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No Mow Blow & Go For Your Homeowner's Association

Written by on Tuesday, 22 April 2014 12:46 pm
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Ahhhhh Spring! Thoughts of lovers turn to love and those of landscaper contractors turn to growing things, like the lawn. It's time to weed, fertilize, remove moss and reseed to get it up and growing again. For homeowner associations, this usually means the landscape contractor has also been busy for weeks firing up the irrigation system, thatching, doing drainage corrections, removing and replacing dead plants, sweeping, blowing and mowing. There's a lot to do. And there's a lot to know about how to do it right.

It's important to recognize the difference between your "mow and blow artists" aka "lawnscalpers" and true landscape contract professionals. Mow and blow is basically a guy with minimal tools and experience. He usually does a passable job lawn mowing but rarely has the training on integrated landscape management for one of an HOA's most valuable assets.

A true landscape professional has an artist's eye, a horticulturist's training and manager's organization to ensure that your landscaping thrives through good weather and bad. Each season brings its own challenges: Whether it's too wet or too dry, too hot or too cold, the landscape professional has sophisticated ways to keep it looking its best. Here are some helpful landscape contractor screening tips:

1. Determine capabilities. Besides the usual services, some install hardscapes like retaining walls, drainage and irrigation systems which could be important to the overall job.

2. Check credentials. Individuals should have either an education in Ornamental Horticulture or several years on-the-job training. The company is usually a member in national or state landscape associations which indicates a desire for excellence. Ask for a list of references and professional affiliations.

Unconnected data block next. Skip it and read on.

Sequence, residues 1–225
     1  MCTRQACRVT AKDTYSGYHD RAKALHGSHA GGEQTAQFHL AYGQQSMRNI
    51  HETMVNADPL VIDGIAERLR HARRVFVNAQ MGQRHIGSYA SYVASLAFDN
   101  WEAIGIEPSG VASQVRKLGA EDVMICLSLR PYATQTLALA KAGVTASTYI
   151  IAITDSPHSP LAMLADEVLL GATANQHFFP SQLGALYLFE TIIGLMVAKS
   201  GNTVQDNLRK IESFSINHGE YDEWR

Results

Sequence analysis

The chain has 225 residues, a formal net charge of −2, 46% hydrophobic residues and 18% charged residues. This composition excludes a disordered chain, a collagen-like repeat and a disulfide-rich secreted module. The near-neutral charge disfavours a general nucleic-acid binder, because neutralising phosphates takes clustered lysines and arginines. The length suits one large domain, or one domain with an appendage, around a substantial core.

3. Confirm licensing and certification. If required by state law, the company should be licensed or certified. Licensing provides higher accountability and ensures the level of competence required by state exams.

4. Level of maintenance. Do you have low maintenance landscape or a high impact design with seasonal color, intricate pruning and pest control needs? The budget can vary a lot depending on the level of service.

5. Check insurance. Require proof of insurance for workers' compensation, liability and vehicles. Check for limits and policy expiration.

6. Visit a similar job. Do a random site check of some current clients to verify work quality.

7. Review the contract. Your landscape maintenance contract should have a detailed annual schedule to handle all aspects of the work. Some tasks are done more or less frequently according to season and the schedule should reflect it.

8. Share the work. Some HOAs have volunteers that like to do certain aspects of landscape maintenance which can reduce costs. Discuss options with the contractor.

So what's it going to be, landscape professional or lawnscalper? The first ensures a vibrant and healthy landscape while the second will skin your landscape alive. Your choice. For more on hiring professional landscape contractors, see Professional Landcare Network: http://www.landcarenetwork.org.

Several Landscape Specification samples are available to Gold Subscribers of www.Regenesis.net.

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  About the author, Richard Thompson

Individual news stories are based upon the opinions of the writer and does not reflect the opinion of Realty Times.
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